The mid-engine 2020 Chevrolet Corvette Stingray debuts in three days, and while there’s still a lot to learn about it, we’ve heard quite a bit over the years. Here’s a look at what we know and what we think we know about Chevy’s upcoming supercar.
The world has been talking about mid-engine Corvettes for about half a century now, but with each new generation, General Motors’ affordable-ish supercar has kept its motor up front. This new launch on Thursday, though, promises to change that, as GM has confirmed that the C8 Corvette will at long last place a motor between its axles.
But other than the powertrain layout, there’s quite a bit more we know about this new ’vette. Here’s a look:
As was the case prior to the C7 Corvette’s launch, images of the new ’vette have leaked. The picture above was sent to Corvette Forum and Instagram, and was initially published on Corvette Blogger. It shows the tail end of a vehicle whose features look quite similar to those of Corvette test cars that have been running around, so I bet it’s legit.
Also legit is this steering wheel, as it was Chevrolet who posted it. It’s a two-spoke design with integrated paddle shifters, and my boss Patrick thinks it’s a “solid evolution from the outgoing C7's wheel.” I agree, though I generally am not a two-spoke fan.
If you want a peek at the Corvette’s full interior, Carscoops has some detailed images that show the dash and the center console area. It looks...interesting.
While the steering wheel is official, and the rear spy photo looks like the real deal, the spy photo we’ve seen of the front is a lot more dubious, mostly because it’s grainy as all hell, and it came from a random YouTuber.
That random YouTuber is called Street Speed 717, and you can see his video about the new Corvette here:
For reference, here’s a spy shot of a development car:
We have a ton of spy shots of the upcoming Corvette, so check them out here.
C8 Corvettes have been seen—and more importantly, heard—all around the globe at this point, so there’s already a fairly large collection of exhaust audio clips out there, like the one above. And Chevrolet even posted its own clip on the Corvette’s launch page. The thing sounds good; I can’t wait to hear it in person.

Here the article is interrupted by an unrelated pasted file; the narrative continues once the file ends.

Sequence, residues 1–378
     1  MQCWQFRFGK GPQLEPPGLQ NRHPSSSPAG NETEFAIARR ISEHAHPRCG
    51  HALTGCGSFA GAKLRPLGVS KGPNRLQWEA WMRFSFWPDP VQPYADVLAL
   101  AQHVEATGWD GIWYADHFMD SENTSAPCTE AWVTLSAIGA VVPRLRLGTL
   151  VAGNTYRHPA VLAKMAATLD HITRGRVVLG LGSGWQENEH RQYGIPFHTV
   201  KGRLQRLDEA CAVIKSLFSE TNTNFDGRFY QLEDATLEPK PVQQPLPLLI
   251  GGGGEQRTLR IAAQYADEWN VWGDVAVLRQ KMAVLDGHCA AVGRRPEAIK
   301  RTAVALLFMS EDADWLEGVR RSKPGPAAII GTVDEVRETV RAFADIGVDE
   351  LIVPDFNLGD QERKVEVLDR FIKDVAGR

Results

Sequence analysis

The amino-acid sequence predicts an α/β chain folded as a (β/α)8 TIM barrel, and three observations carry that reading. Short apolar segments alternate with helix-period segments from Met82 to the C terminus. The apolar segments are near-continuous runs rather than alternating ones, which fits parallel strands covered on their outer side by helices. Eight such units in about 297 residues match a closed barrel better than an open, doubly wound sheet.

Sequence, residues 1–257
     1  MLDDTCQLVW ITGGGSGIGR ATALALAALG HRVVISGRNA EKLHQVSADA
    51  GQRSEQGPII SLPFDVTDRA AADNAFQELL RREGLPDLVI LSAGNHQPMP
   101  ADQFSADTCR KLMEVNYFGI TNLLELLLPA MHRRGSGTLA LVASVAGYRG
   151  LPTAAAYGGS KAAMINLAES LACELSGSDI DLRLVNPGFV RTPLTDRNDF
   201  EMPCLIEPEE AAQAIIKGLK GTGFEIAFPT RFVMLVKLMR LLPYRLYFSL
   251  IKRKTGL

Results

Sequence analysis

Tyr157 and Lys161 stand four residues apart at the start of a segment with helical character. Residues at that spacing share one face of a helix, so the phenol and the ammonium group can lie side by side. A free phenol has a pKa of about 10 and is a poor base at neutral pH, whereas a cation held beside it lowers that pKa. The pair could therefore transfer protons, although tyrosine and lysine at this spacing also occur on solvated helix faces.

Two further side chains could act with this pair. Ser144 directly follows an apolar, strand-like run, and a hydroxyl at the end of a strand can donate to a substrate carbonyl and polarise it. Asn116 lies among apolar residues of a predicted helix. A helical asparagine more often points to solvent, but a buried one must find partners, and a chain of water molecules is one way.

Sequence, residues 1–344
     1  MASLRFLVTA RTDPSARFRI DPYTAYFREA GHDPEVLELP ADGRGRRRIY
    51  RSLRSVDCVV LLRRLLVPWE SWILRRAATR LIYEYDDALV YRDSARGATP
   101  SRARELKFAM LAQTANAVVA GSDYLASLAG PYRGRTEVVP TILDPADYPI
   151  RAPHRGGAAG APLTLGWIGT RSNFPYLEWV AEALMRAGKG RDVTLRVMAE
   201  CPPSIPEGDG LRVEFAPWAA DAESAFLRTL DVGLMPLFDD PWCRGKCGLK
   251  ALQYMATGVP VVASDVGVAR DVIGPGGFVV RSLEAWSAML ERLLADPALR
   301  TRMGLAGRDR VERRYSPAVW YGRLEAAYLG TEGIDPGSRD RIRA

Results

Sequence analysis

Back in March, Jalopnik contributor Bozi Tatarevic got his hands on what appears to be leaked Corvette order guide, which apparently shows that the new Corvette will get a V8 motor and a dual-clutch automatic. From Bozi:
The first screen shot starts out with the powertrain details and shows that the sole engine option on this document is coded as LT2. The abbreviations for the engine state that it is a high output aluminum eight-cylinder engine with direct injection, variable-valve timing, and Active Fuel Management. This engine is likely a refresh of the current LT1 engine, which means that it will be the base option and should make somewhere between 460 and 500 horsepower based on the specs of the current model.
Rumors have circled that the C8 will be the first Corvette with a dual-clutch transmission, and this document appears to confirm it. The sheet lists an “M1L” transmission code that is described as an “Auto 8-Speed, Dual Clutch.”
Check out the full story here, which shows that the C8 may share quite a bit of equipment with the outgoing C7.
But the Corvette will almost certainly offer a multitude of engine options. And since supercars are electrifying these days, if the Corvette wants to be considered a truly modern supercar, it, too, will have to follow suit.